The answer is: Yes and No. To the extent that no conscious agent in the cell is steering or tinkering with the scrambling motion in order to achieve a desired outcome, randomness is involved. But why is it that the capsid fragments have the shape that they do, and why are the attractive forces between them exactly are what they are? Those facts aren’t explained by “randomness”, but by other things, including physical/chemical laws that determine molecular shapes, and by electronic properties of atoms and molecules determined at the time of the origin of the universe. So one logically consistent interpretation of the event is that the universe is “set up” to be capable of producing the forms of living things such as viruses. A different universe, with different rules, might not, and likely would not, have that capacity. So along with “randomness”, it may be that cosmic “fine tuning” is partly responsible for what happens in the formation of viral capsids. (For development of this general line of argument, see Michael Denton’s Nature’s Destiny, a book which argues for both design and evolution.)
Now this line of criticism was expressed by the commentator “Rich” under Applegate’s column (though as mentioned earlier, the comments having been stripped away, the criticism is no longer visible). Rich’s comments were limited to empirical and rational argument, and free of ad hominem comments or personal abuse of any kind, but at the time, Applegate remained silent and did not engage Rich’s argument. (Odd behavior for a scientist whose model is being coherently criticized, but as Applegate’s dialogical behavior is not my subject here, I let that pass.)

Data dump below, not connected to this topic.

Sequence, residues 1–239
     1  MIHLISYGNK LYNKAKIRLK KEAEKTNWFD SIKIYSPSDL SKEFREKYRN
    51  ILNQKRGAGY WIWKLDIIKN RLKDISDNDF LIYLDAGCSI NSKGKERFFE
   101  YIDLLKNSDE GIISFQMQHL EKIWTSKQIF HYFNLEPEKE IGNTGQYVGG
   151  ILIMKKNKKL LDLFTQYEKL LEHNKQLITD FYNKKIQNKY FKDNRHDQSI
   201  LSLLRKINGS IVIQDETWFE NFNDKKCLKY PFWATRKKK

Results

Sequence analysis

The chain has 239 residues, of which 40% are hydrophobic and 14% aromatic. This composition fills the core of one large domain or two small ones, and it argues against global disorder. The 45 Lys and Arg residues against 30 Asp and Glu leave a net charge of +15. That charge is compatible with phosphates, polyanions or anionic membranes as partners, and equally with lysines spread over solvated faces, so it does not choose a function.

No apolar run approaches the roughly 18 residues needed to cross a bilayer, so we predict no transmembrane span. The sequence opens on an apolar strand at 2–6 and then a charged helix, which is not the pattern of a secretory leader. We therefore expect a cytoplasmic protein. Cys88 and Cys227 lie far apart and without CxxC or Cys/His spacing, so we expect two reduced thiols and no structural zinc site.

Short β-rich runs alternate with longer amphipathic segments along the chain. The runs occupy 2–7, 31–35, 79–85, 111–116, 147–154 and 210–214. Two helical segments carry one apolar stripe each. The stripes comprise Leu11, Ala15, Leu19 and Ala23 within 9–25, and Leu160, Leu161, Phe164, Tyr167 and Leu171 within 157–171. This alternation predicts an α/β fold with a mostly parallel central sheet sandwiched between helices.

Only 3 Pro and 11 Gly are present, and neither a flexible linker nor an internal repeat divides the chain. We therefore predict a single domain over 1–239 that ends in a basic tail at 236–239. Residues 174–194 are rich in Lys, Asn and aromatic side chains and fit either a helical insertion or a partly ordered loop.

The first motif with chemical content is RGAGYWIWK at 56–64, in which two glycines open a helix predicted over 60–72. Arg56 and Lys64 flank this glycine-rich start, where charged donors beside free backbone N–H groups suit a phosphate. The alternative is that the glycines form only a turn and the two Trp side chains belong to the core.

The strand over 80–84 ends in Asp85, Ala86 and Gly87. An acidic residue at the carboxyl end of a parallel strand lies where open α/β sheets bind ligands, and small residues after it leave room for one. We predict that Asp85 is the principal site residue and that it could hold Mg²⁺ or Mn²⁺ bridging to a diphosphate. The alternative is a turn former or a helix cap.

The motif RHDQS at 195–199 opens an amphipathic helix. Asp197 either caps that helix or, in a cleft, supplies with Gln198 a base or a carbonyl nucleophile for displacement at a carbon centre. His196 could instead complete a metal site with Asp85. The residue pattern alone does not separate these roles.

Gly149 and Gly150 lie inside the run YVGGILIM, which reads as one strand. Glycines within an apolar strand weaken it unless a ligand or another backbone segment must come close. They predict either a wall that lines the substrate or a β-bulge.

Now, however, Applegate’s article faces a new opponent — this time no ID proponent, but a prominent EC leader who, in addition to being a major EC figure in the USA (important in ASA circles and a contributor to the key EC book Perspectives on an Evolving Creation), happens to be married to BioLogos’s current President. The EC I’m speaking of is Loren Haarsma.
When I read the first column by Haarsma, I was disappointed, because it seemed as if he was going to repeat the well-worn tropes employed by Applegate, Ard Louis, and other EC leaders about the unlimited creative power of randomness. I commented (in agreement with Joshua Swamidass) on the inadequacy of Haarsma’s first column here. However, reading his second column, I see that he is aware of the considerations I’ve explained above. He writes:
“In order for complex things to self-assemble out of simpler components, several things must be in place. First, there needs to be a steady input of orderly energy (such as sunlight). Second, something must cause the pieces to move about randomly and encounter each other in a variety of ways (such as thermal energy). Third, the pieces themselves must have the right properties so that, when they encounter each other in just the right way, with neither too much nor too little energy, they remain stuck together in new combinations.” [emphasis added]
He later in the piece refers specifically to the “magnetized-pieces-in-a-jar-become-model-virus-capsid” example (even providing the same video clip), and writes: